Instructor Interactions in Distance Education Environments: A Case Study
Annual Distance Education Conference,
The instructional design interactions, practices, and strategies used by three selected instructors teaching distance education courses at Texas A&M University were examined in a case study. Data were collected through unstructured interviews, participant observations, and examination of course documents. The three instructors were selected so that the sample would meet the following criteria: all instructors were tenured or tenured-track faculty with previous experience delivering distance education; each instructor represented a different department; all instructors used varying instructional delivery technologies; and all instructors used synchronous and asynchronous forms of interaction in their courses. The instructors' approaches varied and were shaped by their previous professional experience with distance learning and distance delivery technology. Instructor A used a Web- and videoconferencing-based instructional delivery system and met with students in a 3-day face-to-face field trip. Instructor B used a videoconferencing-based delivery system and conducted a 3-hour face-to-face summative meeting. Instructor C used a Web-based delivery system and held a 6-hour face-to-face orientation meeting. It was concluded that if instructors are to be successful distance educators, they must be capable of using at least the following types of interaction: instructor-learner; instructor-content; instructor-technology; instructor-facilitator; instructor-peers; instructor-support staff/technicians; and instruction-institution. (Contains 28 references.) (MN)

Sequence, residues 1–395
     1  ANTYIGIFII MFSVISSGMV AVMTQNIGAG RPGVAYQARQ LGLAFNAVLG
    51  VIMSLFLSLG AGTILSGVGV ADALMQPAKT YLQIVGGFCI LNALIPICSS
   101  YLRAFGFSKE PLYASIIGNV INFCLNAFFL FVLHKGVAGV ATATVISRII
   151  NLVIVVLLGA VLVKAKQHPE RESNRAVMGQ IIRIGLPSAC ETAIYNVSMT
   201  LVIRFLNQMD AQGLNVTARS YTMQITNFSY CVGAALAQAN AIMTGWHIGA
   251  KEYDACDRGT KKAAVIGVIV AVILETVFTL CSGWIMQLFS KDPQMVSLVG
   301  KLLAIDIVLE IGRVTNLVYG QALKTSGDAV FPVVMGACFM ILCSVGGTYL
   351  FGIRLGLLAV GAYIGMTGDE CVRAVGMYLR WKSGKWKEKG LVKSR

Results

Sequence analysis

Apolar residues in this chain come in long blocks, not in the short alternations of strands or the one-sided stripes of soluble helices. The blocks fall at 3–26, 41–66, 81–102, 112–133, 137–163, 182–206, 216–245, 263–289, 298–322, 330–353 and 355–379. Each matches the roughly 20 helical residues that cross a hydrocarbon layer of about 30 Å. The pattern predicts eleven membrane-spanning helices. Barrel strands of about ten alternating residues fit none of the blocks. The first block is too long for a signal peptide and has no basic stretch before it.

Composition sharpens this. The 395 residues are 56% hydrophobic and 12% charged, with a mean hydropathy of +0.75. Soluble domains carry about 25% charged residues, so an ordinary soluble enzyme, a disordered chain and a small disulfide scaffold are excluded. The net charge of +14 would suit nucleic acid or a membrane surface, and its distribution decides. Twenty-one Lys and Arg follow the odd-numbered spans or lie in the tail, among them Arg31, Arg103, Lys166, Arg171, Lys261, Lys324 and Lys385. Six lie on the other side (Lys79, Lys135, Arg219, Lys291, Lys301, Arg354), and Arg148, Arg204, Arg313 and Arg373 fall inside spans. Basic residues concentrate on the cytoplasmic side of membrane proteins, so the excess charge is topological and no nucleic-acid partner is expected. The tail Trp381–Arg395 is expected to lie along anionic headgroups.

Mortera-Gutierrez, F. & Murphy, K. (2000). Instructor Interactions in Distance Education Environments: A Case Study. Presented at Annual Distance Education Conference 2000.
Cited ByView References & Citations Map
Scott Gibby, University of Texas at Austin / Austin Community College, United States
EdMedia + Innovate Learning 2003 (2003) pp. 2642–2649
Instructional Interactions at a Distance versus Institutional Indicators: Migrating from LearningSpace-Lotus Notes to new E-learning Platforms, a Higher Education experience at ITESM-CCM in Mexico City. A case study..
Fernando Mortera-Gutierrez, Instituto Tecnologico de Estudios Superiores de Monterrey, ITESM-CCM, Mexico
EdMedia + Innovate Learning 2003 (2003) pp. 900–901
Atsusi Hirumi, University of Houston–Clear Lake, United States
International Journal on E-Learning Vol. 1, No. 1 (2002) pp. 19–27
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